Societal and Economic Effect of Meniscus Scaffold Procedures for Irreparable Meniscus Injuries

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Abstract

Background:

Meniscus scaffolds are currently evaluated clinically for their efficacy in preventing the development of osteoarthritis as well as for their efficacy in treating patients with chronic symptoms. Procedural costs, therapeutic consequences, clinical efficacy, and future events should all be considered to maximize the monetary value of this intervention.

Purpose:

To examine the socioeconomic effect of treating patients with irreparable medial meniscus injuries with a meniscus scaffold.

Study Design:

Economic and decision analysis; Level of evidence, 2.

Methods:

Two Markov simulation models for patients with an irreparable medial meniscus injury were developed. Model 1 was used to investigate the lifetime cost-effectiveness of a meniscus scaffold compared with standard partial meniscectomy by the possibility of preventing the development of osteoarthritis. Model 2 was used to investigate the short-term (5-year) cost-effectiveness of a meniscus scaffold compared with standard partial meniscectomy by alleviating clinical symptoms, specifically in chronic patients with previous meniscus surgery. For both models, probabilistic Monte Carlo simulations were applied. Treatment effectiveness was expressed as quality-adjusted life-years (QALYs), while costs (estimated in euros) were assessed from a societal perspective. We assumed €20,000 as a reference value for the willingness to pay per QALY. Next, comprehensive sensitivity analyses were performed to identify the most influential variables on the cost-effectiveness of meniscus scaffolds.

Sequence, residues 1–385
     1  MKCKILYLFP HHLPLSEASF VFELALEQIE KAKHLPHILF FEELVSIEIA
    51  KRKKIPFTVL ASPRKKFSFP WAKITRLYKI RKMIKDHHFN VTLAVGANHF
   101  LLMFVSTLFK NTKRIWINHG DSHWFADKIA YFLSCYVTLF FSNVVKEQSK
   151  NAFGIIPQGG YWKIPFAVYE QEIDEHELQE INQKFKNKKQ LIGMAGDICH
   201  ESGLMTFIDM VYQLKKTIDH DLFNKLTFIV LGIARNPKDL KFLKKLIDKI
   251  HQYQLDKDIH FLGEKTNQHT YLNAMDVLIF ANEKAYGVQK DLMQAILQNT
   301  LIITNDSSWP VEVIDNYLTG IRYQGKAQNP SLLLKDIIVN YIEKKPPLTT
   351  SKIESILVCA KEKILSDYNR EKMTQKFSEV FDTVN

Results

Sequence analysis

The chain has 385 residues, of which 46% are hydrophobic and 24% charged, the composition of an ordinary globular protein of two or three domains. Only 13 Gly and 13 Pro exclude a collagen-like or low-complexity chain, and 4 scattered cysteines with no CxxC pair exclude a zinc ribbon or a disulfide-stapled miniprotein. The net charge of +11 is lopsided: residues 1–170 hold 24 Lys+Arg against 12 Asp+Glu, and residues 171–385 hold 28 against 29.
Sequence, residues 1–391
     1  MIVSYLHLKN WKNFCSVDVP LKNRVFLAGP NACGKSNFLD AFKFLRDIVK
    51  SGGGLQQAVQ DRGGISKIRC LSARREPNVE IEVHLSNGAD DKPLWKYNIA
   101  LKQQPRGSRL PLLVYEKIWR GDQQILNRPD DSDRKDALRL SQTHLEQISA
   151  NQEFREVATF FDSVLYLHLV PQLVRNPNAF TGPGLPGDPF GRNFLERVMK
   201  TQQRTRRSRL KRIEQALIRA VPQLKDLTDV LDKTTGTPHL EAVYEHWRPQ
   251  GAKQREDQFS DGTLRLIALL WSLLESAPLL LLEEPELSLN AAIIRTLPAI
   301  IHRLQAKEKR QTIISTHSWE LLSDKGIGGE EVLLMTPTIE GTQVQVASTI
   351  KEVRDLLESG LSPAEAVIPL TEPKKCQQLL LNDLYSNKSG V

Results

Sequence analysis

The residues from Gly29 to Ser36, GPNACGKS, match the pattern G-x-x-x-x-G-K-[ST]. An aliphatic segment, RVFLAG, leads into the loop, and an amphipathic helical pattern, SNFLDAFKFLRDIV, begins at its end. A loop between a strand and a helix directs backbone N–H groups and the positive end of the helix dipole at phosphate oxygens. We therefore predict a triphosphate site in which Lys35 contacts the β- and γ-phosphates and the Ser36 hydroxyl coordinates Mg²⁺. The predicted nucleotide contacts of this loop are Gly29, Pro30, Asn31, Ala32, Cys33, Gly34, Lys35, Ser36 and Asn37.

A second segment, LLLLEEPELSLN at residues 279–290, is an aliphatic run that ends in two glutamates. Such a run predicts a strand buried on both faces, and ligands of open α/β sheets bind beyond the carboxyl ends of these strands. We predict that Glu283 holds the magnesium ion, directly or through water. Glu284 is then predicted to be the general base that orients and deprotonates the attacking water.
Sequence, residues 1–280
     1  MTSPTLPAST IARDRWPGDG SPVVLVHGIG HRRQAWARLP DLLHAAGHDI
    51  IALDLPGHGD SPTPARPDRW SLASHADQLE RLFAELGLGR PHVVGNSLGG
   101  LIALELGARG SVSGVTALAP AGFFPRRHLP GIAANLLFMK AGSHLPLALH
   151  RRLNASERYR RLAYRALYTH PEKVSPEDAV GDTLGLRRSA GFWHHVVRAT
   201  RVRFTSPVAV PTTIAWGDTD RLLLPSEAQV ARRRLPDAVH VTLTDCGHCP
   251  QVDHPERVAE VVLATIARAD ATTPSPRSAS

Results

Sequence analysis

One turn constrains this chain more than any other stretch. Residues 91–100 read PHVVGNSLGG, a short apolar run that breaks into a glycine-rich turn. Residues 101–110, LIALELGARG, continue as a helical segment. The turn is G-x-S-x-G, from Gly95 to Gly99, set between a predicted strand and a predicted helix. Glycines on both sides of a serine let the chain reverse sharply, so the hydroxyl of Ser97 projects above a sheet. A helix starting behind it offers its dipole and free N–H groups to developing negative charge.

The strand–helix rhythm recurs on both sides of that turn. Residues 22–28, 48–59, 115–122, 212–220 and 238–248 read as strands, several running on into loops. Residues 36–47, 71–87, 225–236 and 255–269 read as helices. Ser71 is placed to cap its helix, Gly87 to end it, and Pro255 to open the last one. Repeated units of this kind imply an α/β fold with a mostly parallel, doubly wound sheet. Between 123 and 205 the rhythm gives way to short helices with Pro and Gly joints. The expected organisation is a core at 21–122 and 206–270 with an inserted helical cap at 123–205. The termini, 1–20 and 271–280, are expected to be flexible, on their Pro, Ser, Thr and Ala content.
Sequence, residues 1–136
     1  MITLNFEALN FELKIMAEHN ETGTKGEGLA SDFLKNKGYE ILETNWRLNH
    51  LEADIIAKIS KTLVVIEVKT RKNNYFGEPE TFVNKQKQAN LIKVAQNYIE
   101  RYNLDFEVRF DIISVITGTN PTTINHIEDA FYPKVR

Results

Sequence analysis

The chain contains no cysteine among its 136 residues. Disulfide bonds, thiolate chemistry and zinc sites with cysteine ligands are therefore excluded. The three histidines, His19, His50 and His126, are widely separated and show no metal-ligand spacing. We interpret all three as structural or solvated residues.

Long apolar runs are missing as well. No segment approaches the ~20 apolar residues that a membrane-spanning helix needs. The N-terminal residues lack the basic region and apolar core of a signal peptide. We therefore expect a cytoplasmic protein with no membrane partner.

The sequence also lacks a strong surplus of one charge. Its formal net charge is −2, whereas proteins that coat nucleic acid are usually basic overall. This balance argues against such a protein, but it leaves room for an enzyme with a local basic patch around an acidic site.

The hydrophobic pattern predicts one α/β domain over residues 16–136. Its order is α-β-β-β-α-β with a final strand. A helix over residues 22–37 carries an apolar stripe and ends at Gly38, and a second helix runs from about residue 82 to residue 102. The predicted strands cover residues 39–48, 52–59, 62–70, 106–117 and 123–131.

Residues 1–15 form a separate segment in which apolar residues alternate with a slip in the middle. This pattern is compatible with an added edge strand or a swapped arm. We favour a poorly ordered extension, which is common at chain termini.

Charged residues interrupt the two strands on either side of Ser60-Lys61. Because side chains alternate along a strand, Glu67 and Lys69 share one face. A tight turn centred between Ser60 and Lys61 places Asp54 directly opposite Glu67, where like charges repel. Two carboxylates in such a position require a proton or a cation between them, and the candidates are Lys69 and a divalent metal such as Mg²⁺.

Results:

Model 1 demonstrated an incremental cost-effectiveness ratio of a meniscus scaffold treatment of €54,463 per QALY (€5991/0.112). A threshold analysis demonstrated that a meniscus scaffold should offer a relative risk reduction of at least 0.34 to become cost-effective, assuming a willingness to pay of €20,000. Decreasing the costs of the meniscus scaffold procedure by 33% (€10,160 instead of €15,233; an absolute change of €5073) resulted in an incremental cost-effectiveness ratio of €7876 per QALY. Model 2 demonstrated an incremental cost-effectiveness ratio of a meniscus scaffold treatment of €297,727 per QALY (€9825/0.033). On the basis of the current efficacy data, a meniscus scaffold provides a relative risk reduction of “limited benefit” postoperatively of 0.37 compared with standard treatment. A threshold analysis revealed that assuming a willingness to pay of €20,000, a meniscus scaffold would not be cost-effective within a period of 5 years. Most influential variables on the cost-effectiveness of meniscus scaffolds were the cost of the scaffold procedure, cost associated with osteoarthritis, and quality of life before and after the scaffold procedure.

Conclusion:

Results of the current health technology assessment emphasize that the monetary value of meniscus scaffold procedures is very much dependent on a number of influential variables. Therefore, before implementing the technology in the health care system, it is important to critically assess these variables in a relevant context. The models can be improved as additional clinical data regarding the efficacy of the meniscus scaffold become available.

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